When asked by a reporter if he was the best messenger to lead his party’s response to Rowe’s decision, Biden gave a somewhat glib response. “I am the President of the United States of America,” he said with a smirk. “That makes me a better messenger.”

By comparison, Biden’s commitment to defending Ukraine “as long as it takes” was worded more forcefully, even as he acknowledged the impact on American consumers and the global economy.

Asked how long Americans should endure higher gas prices as a result of the war in Ukraine, he was blunt, repeating: “As long as it takes, Russia can’t actually defeat Ukraine.”
and go beyond the borders of Ukraine,” he said. “This is a critical, critical position for the world.”

Republicans, some of whom attended the summit and met with Biden before he left Madrid, were largely supportive of the president’s response to Ukraine. However, he is also blamed by many for rising gas prices and inflation exacerbated by the war.

“When it comes to NATO, there is more of a bipartisan spirit in NATO than in Biden’s domestic issues,” said Ash Jane, a democracies expert at the Atlantic Council.

Comparing how Biden behaves abroad with like-minded people and at home indicates that the president faces great restrictions and political challenges in the American political system.

“It’s just a much more difficult environment to work with, and the solutions are much more complex,” Jain said.

Despite the seriousness of the commitments outlined this week by the G7 and NATO allies, Biden’s political weakness at home — and the weaknesses of other G7 leaders who have seen their own support and ruling coalitions falter in recent weeks — May Work Russian President Vladimir Putin wins over time as the autocrat seeks to outlive the West on the battlefield.

NATO allies continue to express concern about America’s political instability. They worry about making a commitment to Biden that could be thrown off if he loses re-election in 2024.

“Other leaders want to know what he’s going to do with the disenfranchised Supreme Court about these attempts by Trump and others to attack American institutions,” said Brett Brewen, a former National Security Council official in the Obama administration. . “He didn’t have a big plan, and if he doesn’t, the internal quagmire could be a major setback to what he can achieve internationally.”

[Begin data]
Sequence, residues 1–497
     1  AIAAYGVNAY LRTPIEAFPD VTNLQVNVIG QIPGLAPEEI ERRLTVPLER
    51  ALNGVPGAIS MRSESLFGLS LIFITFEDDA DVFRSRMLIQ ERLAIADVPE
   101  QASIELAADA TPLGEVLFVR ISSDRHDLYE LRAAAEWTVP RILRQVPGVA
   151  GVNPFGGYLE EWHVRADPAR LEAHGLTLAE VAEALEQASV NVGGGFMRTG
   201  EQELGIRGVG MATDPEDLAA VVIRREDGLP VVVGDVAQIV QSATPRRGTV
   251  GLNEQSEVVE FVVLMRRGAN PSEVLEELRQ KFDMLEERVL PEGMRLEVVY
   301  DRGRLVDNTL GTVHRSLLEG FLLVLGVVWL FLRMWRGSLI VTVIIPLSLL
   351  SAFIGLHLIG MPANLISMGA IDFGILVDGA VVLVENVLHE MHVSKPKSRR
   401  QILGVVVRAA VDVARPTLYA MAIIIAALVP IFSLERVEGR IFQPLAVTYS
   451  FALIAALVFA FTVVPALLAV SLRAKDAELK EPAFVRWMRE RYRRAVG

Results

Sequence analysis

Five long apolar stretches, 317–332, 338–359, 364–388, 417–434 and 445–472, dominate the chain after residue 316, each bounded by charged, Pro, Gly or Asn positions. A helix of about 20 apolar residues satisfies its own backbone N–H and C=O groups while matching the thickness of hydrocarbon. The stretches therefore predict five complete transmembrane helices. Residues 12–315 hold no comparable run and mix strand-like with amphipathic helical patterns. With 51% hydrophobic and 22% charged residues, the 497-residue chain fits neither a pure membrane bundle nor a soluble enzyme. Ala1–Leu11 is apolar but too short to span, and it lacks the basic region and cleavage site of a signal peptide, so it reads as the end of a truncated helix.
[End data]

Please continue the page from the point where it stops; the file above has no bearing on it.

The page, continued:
Presidents have more leeway in foreign affairs than in domestic affairs, where they are more limited by Congress and the courts. But Biden’s reluctance to consider structural changes to the Constitution was a source of frustration among his party’s founding members long before Roe’s Supreme Court ruling.

“Even if there are some very real structural barriers, we have to see the White House and the president feel the same fury, fury and frustration that we do,” said Litman, a progressive organizer. “We need to see that he sees the crisis and is not afraid to do everything in his power because he is asking us to sacrifice ourselves and get organized.”

With Democrats narrowly in control of the evenly divided Senate thanks to Vice President Kamala Harris’s ability to break the tie, Biden nonetheless has seen much of his legislative agenda derailed.

Until Thursday, he was reluctant to call on Democratic Party leaders to change the filibuster rule requiring 60 votes to advance legislation – after briefly doing so in a failed attempt to pass voting rights protections – to codify abortion rights in federal law.

A spate of new revelations about Trump’s role in fueling the mobs that attacked cops and stormed the Capitol in a brazen attempt to prevent the Senate from confirming Biden’s election victory is only adding to the pressure on the administration.

In recent weeks, pressure has increased on the Justice Department to bring the former president and potential Biden rival to justice in 2024.

Biden’s concern about such actions, as aides privately confirm, is largely due to a sense that they will be seen as political opportunism and exacerbate the country’s polarization.

But with an approval rating of just 39%, Biden and the Democrats face a potentially catastrophic midterm election, especially if frustrated progressive voters decide not to show up.